Home » Common Core opponents fall short on La. House test vote

Common Core opponents fall short on La. House test vote

by Associated Press

BATON ROUGE — If Common Core opponents want to get the education standards stripped from Louisiana’s public schools, it looks as if they have more work to do to get lawmakers on their side.

Rep. Brett Geymann, R-Lake Charles, failed in a procedural maneuver Monday to get his bill — which would change the method for adopting education standards — moved to the full House without a committee hearing.

Geymann, a leader of the anti-Common Core movement in the Legislature, was trying to bypass the House Education Committee. That committee refused to scrap the multistate standards last year and is expected to make a similar decision this year.

But lawmakers voted 61-37 against the bypass maneuver.

That was seen as a test vote and considered a sign that Common Core opponents don’t have support from a majority, or 53 members, of the House.

“It certainly is a benchmark on where we are. Whether we can get to a majority or not is a challenge,” Geymann said after the vote.

Whether Louisiana’s public schools should continue using the multistate standards in English and math is a contentious issue in the legislative session. Gov. Bobby Jindal has made shelving Common Core one of his priorities.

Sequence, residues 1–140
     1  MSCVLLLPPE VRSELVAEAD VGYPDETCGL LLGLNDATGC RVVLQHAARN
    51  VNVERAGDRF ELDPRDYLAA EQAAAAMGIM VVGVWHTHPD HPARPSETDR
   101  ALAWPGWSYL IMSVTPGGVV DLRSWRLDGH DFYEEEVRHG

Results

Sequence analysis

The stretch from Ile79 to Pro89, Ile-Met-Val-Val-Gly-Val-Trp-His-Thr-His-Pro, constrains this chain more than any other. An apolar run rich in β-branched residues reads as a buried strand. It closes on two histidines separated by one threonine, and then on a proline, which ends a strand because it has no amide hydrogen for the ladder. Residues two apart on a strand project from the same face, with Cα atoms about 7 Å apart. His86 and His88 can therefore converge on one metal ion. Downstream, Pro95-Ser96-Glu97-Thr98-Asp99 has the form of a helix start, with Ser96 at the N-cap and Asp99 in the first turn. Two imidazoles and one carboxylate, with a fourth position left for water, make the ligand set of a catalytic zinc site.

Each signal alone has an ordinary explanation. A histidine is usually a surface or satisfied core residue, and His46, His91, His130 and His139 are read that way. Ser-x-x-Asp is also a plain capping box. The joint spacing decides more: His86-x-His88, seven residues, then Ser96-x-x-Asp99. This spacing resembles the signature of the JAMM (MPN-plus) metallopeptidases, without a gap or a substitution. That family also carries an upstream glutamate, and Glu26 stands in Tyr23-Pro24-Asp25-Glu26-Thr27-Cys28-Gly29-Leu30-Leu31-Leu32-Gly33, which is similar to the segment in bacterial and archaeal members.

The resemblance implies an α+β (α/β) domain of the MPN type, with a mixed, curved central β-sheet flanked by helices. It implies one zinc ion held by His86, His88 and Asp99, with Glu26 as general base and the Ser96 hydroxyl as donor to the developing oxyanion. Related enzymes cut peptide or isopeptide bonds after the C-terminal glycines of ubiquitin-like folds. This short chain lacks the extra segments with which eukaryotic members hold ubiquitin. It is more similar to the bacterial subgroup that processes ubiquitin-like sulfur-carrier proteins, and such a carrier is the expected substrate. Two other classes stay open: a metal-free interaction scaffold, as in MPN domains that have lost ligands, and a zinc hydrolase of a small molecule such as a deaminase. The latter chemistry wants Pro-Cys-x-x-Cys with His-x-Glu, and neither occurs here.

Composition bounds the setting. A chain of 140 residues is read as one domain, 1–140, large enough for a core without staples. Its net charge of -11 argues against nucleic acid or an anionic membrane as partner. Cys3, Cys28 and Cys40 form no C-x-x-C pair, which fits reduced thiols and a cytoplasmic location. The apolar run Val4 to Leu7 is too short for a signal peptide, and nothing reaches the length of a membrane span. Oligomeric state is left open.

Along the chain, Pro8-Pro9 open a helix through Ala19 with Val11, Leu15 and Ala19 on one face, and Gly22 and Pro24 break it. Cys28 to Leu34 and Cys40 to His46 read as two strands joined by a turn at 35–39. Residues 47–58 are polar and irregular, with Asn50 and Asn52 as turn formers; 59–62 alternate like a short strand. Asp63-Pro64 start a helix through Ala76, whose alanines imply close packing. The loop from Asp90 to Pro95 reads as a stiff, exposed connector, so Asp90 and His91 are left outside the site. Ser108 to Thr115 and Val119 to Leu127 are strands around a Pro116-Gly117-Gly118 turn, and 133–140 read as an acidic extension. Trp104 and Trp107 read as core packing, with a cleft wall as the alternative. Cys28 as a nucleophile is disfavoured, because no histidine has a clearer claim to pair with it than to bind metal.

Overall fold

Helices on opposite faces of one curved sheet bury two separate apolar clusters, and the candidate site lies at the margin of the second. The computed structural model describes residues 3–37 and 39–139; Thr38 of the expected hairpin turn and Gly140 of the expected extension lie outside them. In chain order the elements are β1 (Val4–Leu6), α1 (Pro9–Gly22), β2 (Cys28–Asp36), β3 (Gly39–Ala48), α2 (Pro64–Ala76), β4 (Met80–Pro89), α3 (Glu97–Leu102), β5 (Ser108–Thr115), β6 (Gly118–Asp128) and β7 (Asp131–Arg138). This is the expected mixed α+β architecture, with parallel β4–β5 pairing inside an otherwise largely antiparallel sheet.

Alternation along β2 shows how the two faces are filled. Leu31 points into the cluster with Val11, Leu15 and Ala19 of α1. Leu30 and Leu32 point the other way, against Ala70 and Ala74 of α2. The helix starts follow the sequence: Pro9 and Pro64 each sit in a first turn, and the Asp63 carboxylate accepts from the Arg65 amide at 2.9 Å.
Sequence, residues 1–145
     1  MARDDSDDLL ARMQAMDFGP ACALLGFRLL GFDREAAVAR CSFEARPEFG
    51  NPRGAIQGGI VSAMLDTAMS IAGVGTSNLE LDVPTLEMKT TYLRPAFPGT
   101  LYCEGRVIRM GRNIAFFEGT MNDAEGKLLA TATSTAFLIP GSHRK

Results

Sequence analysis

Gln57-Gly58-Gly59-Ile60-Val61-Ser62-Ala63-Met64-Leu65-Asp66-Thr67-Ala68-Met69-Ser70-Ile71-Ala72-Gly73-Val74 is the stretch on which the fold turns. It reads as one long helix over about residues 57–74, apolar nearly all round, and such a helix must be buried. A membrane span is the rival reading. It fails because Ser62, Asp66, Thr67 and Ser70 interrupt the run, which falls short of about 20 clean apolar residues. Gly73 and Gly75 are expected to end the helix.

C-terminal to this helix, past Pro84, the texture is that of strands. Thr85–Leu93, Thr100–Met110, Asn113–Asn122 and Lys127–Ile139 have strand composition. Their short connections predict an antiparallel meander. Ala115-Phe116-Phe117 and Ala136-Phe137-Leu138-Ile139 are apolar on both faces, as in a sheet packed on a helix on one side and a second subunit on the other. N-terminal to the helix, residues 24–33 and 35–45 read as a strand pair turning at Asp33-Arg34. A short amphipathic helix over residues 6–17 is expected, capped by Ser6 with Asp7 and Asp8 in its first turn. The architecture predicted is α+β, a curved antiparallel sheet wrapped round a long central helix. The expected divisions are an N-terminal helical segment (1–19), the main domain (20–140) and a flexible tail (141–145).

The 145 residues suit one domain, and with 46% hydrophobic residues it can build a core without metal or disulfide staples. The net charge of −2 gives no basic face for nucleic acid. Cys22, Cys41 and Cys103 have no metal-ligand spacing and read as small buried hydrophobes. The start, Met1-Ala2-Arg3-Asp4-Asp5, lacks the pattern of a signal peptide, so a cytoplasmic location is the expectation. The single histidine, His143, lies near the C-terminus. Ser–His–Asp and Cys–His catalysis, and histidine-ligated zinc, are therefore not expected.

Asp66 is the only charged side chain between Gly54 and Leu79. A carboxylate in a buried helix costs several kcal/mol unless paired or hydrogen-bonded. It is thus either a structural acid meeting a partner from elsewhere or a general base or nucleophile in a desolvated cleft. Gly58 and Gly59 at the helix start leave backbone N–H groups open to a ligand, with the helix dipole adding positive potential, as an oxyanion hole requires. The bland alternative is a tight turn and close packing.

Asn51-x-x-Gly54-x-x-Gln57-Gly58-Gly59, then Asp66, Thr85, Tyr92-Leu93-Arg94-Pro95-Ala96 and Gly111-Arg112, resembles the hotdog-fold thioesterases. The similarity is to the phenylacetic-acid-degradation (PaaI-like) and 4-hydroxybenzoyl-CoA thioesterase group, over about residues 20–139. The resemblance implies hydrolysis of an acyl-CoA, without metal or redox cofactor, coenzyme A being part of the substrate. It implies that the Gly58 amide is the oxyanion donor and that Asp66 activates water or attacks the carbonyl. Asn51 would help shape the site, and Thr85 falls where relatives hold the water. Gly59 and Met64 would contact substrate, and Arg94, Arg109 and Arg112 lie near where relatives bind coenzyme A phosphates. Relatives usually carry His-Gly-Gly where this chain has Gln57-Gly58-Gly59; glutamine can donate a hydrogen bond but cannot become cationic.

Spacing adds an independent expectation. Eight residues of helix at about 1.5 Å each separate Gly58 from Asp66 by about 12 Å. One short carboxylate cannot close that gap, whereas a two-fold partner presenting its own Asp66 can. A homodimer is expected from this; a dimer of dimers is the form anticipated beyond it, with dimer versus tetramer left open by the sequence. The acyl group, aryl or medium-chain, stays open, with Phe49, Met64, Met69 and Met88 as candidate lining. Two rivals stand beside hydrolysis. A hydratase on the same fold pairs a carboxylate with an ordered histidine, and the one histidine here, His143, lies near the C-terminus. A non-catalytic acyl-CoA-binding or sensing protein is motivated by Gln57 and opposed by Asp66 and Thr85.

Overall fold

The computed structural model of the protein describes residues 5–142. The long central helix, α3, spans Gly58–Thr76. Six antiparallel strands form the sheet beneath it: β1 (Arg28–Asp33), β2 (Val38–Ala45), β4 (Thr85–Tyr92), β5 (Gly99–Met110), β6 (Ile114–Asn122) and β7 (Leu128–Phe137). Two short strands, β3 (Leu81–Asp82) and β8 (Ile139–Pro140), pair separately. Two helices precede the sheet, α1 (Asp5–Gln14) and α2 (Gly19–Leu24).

Supporters say Common Core better prepares students for college and the workforce, but opponents call the standards an effort by the Obama administration to nationalize education.

Geymann said parents who oppose Common Core don’t feel they can get a fair hearing in the education committee after its chairman, Rep. Steve Carter, was listed supporting an organization that Geymann said “mocked and ridiculed” opponents of the standards.

“The parents believe that the process has been poisoned,” he said.

The organization, Alliance for Better Classrooms, distributed stuffed animal unicorns to lawmakers last week that suggested many of the criticisms lawmakers have heard about Common Core are as mythical as unicorns.

Carter, R-Baton Rouge, said he was committed to a fair hearing on the Common Core legislation and said he wasn’t behind the unicorns. Several committee members bristled at suggestions they wouldn’t do an adequate job with the bill review.

“You will get a fair hearing. We may not agree, but we will treat you with respect,” said Rep. Chris Broadwater, R-Hammond.

Rep. Rob Shadoin, an education committee member, voted with Geymann on an anti-Common Core bill last year. But he voted against Geymann on Monday, saying he didn’t think it was proper to sidestep the existing process for vetting bills.

“This little pink and white unicorn has not swayed me one way or the other,” he said, holding the stuffed animal.

Lawmakers who sided with Geymann said the standards debate was so important that all members of the House should have to consider the matter, rather than just a committee.

“I want the opportunity to debate this bill in front of everyone,” said Rep. John Schroder, R-Covington.

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